The past two weeks have been exciting times for Orlando City SC. Last week, the club officially launched their long-awaited USL team, Orlando City B. That was followed up on Tuesday with the launching of the club's NWSL team, the Orlando Pride. While fans are excited about more professional soccer in Central Florida, the real takeaway from these announcements is the commitment and investment of Orlando City's owners.
Orlando City's structure is as strong as any soccer club in America. Starting with Little Lions, the youth setup for both boys and girls runs from the age of four to 18. On the boys' side, they can play with the U-23s while in college, before advancing to the USL team and, eventually, the senior team. And now the girls have a senior team to advance to as well. But it doesn't have to be this way.
There was another way the club's ownership could've gone -- a much cheaper route that would have commanded much less investment. All MLS mandates out of its clubs are a U.S. Soccer Development Academy (which consists of three age groups) and a senior team. The club also could've gotten away with building a bare bones stadium at around $85 million and only invested $15-20 million in the project with the rest coming from public funding.
Instead, the club built a strong structure, which gives players a pathway from the first time they touch a ball through the MLS team. They also willfully decided to privately fund their new, state-of-the-art stadium, which will cost them around $155 million.
What makes their investment even more noteworthy is that they could've been just as successful in the short term without it. There are teams in MLS like the New England Revolution and LA Galaxy that have declined to extend their academies into the youngest ages or display a U-23 team but had tremendous success on the field.
Orlando City could've had their three academy teams, along with the senior team and no high-priced players, and still won trophies while averaging a high attendance. It would've been cheaper, easier, and likely caused little to no backlash from fans and media.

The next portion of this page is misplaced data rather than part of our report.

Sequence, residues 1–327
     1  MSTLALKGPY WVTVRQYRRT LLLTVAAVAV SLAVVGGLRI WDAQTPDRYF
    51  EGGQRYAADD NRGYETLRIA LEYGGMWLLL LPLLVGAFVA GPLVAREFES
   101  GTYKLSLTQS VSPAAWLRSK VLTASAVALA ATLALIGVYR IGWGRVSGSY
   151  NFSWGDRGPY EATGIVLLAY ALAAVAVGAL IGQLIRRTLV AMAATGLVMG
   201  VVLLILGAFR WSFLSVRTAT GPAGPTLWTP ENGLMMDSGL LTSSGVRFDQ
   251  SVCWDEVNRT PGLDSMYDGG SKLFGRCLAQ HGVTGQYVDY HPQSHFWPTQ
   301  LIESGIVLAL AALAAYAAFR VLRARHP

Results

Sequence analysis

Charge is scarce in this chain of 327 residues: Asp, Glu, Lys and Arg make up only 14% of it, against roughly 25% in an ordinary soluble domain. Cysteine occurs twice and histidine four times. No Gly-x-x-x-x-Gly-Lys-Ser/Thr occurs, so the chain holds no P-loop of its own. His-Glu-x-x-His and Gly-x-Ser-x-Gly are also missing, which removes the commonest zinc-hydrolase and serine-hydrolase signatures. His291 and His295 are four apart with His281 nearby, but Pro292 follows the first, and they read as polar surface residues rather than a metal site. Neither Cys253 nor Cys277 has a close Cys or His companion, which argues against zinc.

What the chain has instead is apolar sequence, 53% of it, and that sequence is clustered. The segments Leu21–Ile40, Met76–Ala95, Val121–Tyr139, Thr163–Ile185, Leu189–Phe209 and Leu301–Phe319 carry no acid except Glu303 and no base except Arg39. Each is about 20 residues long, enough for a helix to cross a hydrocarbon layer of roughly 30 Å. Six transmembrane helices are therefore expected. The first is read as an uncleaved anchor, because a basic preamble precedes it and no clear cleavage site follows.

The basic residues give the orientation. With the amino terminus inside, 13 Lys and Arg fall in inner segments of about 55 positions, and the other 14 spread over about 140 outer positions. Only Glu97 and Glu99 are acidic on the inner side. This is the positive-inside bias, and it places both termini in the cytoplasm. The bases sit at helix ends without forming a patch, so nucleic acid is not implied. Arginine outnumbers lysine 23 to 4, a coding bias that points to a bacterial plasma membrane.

Instead, Orlando City has created one of the most structured clubs in the country -- one that offers both boys and girls around Central Florida the opportunity to rise through the youth ranks and represent their local area at the highest level.
This isn't to say that the club shouldn't be held to a high standard. If results at the MLS level aren't going the right way, they should be treated just as any other major professional sports team. And this ownership group would welcome that reaction.
But through all the frustration during a season which it seems will end on Sunday without a postseason, fans of Orlando City should remember what they have been gifted. It's been proven with many teams in many sports that a committed ownership group is far from a guarantee. But the past two weeks have shown once again that this club has a very committed ownership group, which will bode well for the club's future.
That's something that all Orlando City fans should remember and for which they should be grateful.